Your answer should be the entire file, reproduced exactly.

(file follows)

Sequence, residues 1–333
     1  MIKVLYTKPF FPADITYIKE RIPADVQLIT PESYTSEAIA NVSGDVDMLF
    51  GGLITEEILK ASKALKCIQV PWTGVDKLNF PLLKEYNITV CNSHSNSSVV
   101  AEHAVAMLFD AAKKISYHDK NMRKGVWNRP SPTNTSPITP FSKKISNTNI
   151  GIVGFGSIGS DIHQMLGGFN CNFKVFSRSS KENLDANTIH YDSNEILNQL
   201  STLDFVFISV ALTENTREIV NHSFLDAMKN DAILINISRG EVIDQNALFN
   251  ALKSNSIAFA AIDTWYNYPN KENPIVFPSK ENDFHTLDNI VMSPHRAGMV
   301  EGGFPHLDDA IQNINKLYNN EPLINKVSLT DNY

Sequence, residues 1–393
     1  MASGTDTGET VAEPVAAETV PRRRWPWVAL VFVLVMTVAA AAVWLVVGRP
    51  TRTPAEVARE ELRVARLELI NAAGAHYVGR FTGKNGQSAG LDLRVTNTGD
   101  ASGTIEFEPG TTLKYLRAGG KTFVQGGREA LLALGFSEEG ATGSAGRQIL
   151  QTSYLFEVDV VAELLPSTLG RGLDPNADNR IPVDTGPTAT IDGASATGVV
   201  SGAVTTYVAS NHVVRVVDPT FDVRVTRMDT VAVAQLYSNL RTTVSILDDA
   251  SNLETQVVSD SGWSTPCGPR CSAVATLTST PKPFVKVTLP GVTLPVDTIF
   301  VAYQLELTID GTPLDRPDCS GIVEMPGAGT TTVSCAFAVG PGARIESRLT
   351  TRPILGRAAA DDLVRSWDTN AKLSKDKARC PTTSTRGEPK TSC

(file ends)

Sequence, residues 1–333
     1  MIKVLYTKPF FPADITYIKE RIPADVQLIT PESYTSEAIA NVSGDVDMLF
    51  GGLITEEILK ASKALKCIQV PWTGVDKLNF PLLKEYNITV CNSHSNSSVV
   101  AEHAVAMLFD AAKKISYHDK NMRKGVWNRP SPTNTSPITP FSKKISNTNI
   151  GIVGFGSIGS DIHQMLGGFN CNFKVFSRSS KENLDANTIH YDSNEILNQL
   201  STLDFVFISV ALTENTREIV NHSFLDAMKN DAILINISRG EVIDQNALFN
   251  ALKSNSIAFA AIDTWYNYPN KENPIVFPSK ENDFHTLDNI VMSPHRAGMV
   301  EGGFPHLDDA IQNINKLYNN EPLINKVSLT DNY

Sequence, residues 1–393
     1  MASGTDTGET VAEPVAAETV PRRRWPWVAL VFVLVMTVAA AAVWLVVGRP
    51  TRTPAEVARE ELRVARLELI NAAGAHYVGR FTGKNGQSAG LDLRVTNTGD
   101  ASGTIEFEPG TTLKYLRAGG KTFVQGGREA LLALGFSEEG ATGSAGRQIL
   151  QTSYLFEVDV VAELLPSTLG RGLDPNADNR IPVDTGPTAT IDGASATGVV
   201  SGAVTTYVAS NHVVRVVDPT FDVRVTRMDT VAVAQLYSNL RTTVSILDDA
   251  SNLETQVVSD SGWSTPCGPR CSAVATLTST PKPFVKVTLP GVTLPVDTIF
   301  VAYQLELTID GTPLDRPDCS GIVEMPGAGT TTVSCAFAVG PGARIESRLT
   351  TRPILGRAAA DDLVRSWDTN AKLSKDKARC PTTSTRGEPK TSC